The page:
This week has given me lessons on being gracious, humble, and thankful. It was not as easy as I would’ve thought. This weekend marked the end of a very busy and somewhat stressful stretch of events in which I was involved. I love doing the work I do. What I haven’t loved is the feeling of being stretched too far. In order for me to continue to do this kind of work, I will have to look at better ways to bring balance into the equation. Giving requires energy and energy must be replenished so more can be given. So with that said, I’d like to reflect on everything I’ve learned this week and give thanks to everyone who helped.
Have you ever been in the position of receiving praise, recognition of achievement, or being honored? I was nominated and chosen for an award celebrating excellence in caregiving and attended a ceremony to receive my award. Unlike what I would’ve expected, I felt uncomfortable in the spotlight. I first had to be introduced and walk alone down a red carpet into a room full of people clapping. What I pictured myself doing was one of those funny entrances that people make at weddings these days by dancing into the room, down the aisle, and up to the stage. What I did was look straight ahead, smile nervously, and walk fast to the front of the room. I then quickly went back to my seat to recover my sense of security and blend back into the crowd. I took note of my lack of self-confidence and nervousness. I was somewhat surprised and that was only the beginning. When it came to the presentation of awards, I waited nervously while I watched the seven other people in front of me receive their awards. They walked on stage, had their picture taken with the presenter, and stood in the background while one of their co-workers spoke about what made them so deserving of the award. As each one went by, my nerves increased. By the time my name was called I was almost in panic mode. I felt like I was transported back to an emotional age of thirty years younger. Where did my 50+ year-old, confident, mature self go? Wordly has left the building.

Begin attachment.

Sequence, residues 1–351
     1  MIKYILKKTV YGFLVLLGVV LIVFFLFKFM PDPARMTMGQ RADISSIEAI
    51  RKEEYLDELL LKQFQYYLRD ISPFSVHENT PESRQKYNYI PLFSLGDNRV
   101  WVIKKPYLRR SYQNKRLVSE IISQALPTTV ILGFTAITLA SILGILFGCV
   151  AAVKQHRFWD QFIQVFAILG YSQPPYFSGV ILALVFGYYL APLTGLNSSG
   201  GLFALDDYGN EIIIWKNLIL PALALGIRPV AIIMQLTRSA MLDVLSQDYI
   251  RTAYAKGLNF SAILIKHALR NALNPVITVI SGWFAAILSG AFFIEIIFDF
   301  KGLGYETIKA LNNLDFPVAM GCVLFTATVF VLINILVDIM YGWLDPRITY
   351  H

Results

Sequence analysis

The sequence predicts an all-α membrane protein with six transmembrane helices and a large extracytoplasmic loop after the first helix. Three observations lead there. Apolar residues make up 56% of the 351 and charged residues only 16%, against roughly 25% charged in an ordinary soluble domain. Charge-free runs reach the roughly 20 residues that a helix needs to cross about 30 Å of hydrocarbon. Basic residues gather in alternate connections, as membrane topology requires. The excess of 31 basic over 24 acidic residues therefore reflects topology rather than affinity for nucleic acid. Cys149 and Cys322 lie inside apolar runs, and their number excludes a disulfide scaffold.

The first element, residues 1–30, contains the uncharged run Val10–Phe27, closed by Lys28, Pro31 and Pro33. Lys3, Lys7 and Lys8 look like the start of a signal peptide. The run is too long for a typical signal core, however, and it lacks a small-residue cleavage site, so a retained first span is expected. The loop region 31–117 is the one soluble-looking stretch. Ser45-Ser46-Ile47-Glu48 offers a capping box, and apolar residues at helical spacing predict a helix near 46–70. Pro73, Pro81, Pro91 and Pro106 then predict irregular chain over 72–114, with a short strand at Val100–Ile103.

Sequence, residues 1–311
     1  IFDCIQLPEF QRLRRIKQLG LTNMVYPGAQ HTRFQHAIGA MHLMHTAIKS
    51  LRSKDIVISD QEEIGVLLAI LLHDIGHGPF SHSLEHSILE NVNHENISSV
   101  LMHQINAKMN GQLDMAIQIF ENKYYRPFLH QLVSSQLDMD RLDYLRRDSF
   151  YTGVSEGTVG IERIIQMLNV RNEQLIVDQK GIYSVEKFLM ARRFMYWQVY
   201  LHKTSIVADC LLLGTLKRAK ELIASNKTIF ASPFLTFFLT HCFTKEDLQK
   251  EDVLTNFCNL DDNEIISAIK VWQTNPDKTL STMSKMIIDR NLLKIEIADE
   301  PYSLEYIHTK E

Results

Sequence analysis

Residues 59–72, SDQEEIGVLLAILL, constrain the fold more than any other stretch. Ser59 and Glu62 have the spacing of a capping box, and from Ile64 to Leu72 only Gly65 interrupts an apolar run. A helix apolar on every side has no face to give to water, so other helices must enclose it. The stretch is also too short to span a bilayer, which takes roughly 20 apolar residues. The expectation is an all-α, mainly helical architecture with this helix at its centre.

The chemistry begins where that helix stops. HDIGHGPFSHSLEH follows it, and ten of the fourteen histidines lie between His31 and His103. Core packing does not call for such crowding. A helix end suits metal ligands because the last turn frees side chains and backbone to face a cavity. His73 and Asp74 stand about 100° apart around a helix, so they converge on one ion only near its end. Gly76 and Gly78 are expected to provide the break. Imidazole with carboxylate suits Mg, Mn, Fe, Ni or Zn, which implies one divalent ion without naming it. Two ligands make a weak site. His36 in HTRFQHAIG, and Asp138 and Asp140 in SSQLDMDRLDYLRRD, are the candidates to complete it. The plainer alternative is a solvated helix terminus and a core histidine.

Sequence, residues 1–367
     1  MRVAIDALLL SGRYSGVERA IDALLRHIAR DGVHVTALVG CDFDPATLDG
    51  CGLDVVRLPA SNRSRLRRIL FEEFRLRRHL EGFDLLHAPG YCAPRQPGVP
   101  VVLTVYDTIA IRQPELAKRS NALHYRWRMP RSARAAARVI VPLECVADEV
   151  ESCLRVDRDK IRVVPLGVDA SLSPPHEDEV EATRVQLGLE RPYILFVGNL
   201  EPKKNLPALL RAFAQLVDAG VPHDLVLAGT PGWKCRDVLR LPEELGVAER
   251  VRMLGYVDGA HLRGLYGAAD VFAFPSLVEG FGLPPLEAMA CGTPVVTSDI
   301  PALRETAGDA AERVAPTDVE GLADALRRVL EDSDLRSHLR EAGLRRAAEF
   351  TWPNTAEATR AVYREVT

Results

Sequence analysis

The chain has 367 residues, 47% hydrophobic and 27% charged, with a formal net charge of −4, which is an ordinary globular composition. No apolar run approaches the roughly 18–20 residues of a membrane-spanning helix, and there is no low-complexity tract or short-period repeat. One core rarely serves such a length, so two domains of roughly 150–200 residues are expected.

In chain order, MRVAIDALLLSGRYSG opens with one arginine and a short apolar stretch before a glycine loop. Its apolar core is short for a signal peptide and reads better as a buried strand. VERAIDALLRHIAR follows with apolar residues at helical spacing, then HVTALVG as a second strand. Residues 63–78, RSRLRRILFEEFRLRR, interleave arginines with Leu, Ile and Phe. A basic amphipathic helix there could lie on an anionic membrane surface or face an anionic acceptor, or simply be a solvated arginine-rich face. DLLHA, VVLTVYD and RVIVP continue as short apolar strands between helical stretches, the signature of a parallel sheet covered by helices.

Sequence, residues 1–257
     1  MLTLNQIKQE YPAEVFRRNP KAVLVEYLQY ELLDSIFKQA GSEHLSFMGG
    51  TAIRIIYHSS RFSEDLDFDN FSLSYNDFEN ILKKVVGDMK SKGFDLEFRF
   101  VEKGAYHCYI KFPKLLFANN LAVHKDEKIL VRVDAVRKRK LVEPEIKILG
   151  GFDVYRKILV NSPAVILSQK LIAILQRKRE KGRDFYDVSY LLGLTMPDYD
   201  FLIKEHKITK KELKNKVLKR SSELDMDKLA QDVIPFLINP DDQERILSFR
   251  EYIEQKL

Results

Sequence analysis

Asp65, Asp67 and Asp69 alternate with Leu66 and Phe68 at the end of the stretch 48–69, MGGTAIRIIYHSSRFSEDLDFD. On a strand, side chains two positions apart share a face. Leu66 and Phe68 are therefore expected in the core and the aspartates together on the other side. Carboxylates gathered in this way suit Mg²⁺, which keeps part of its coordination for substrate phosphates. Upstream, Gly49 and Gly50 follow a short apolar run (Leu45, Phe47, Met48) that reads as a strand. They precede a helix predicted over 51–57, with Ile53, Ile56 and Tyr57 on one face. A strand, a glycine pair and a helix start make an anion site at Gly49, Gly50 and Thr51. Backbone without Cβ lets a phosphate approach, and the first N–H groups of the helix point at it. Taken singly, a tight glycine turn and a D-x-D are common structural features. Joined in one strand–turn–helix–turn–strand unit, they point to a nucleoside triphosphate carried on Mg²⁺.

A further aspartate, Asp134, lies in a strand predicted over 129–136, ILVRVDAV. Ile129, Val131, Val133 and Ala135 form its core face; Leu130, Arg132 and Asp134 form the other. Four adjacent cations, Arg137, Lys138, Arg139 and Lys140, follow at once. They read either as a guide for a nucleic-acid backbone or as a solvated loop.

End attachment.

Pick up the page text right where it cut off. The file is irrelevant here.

I recovered from that five minute moment (which felt like eternity) and the rest of the day was easy. I tried to resume my “normal” life the next day. When I arrived at work, I was greeted by more praise and recognition from my co-workers. Apparently, I hadn’t gotten what I needed in order to move past this lesson. They greeted me with smiles and words of congratulations throughout the morning. It seemed that everyone was aware of this award. I had no idea it was such a big deal. In my determination to minimize the whole thing and ward off my discomfort with the attention, I told myself that it was only important to me and a few of my friends who attended the ceremony. I never realized that so many people would be so kind,supportive, and proud of me. It was an incredibly humbling experience and I want to thank everyone for believing in me and seeing something that I don’t often recognize in myself.
My week ended with The Walk to End Alzheimer’s which I have been working on as a committee member for many months now. In addition to my committee work, my work team has been actively raising funds for this event throughout the entire year. I arrived early Saturday morning to set up the event and it never ceases to amaze me how many of my co-workers show up to give their time and show support for this important cause. We all have busy lives and many have families with children who have other demands on their time, but they were there anyway. I am so impressed with everyone who was there to help this year. The saying, “Many hands makes light work” was proved true that day. Thank you everyone. You are the reason that this work gets done.
This week I learned that I need to do more work on what I believe about myself. We all have underlying, limiting beliefs about ourselves. These beliefs come from a lifetime of what others tell you about yourself. In The Four Agreements, Companion Book, Don Miguel Ruiz writes, “You perceive all the distorted images others create for you, and at a certain point you take all these images and try to make sense of them. You create another whole image of yourself, and project it to the outside world…” He goes on to say, “In the same way other people project their beliefs onto you, you agree, and they become yours. They teach you to judge the way they judge, to gossip the way they gossip, to create dramas the way they create dramas.” This week I heard things, like, “Don’t be too big for your britches” and “It’s better to give than receive”. These were messages that were inserted into my mind via society and other influences in my younger life. The latter message is one I see so many struggle with. When did it become wrong to receive something good from someone without feeling guilty or undeserving? Try it sometime. Randomly give something to someone and watch their reaction. Compliments are frequently met with a self-deprecating retort and gift giving can cause people to squirm uncomfortably or feel like they have to reciprocate.
What are your beliefs about giving and receiving? Does one come more easily to you than the other? Practice the one that makes you uncomfortable and listen to the messages you tell yourself about that action. As always, I am surprised by the depth of these messages. As I uncover one, I notice others beneath it. Continue to do this work and you will be free to live as you were meant to live and bring the gift of who you are to the world. Thank you for reading my words.
Yours in gratitude,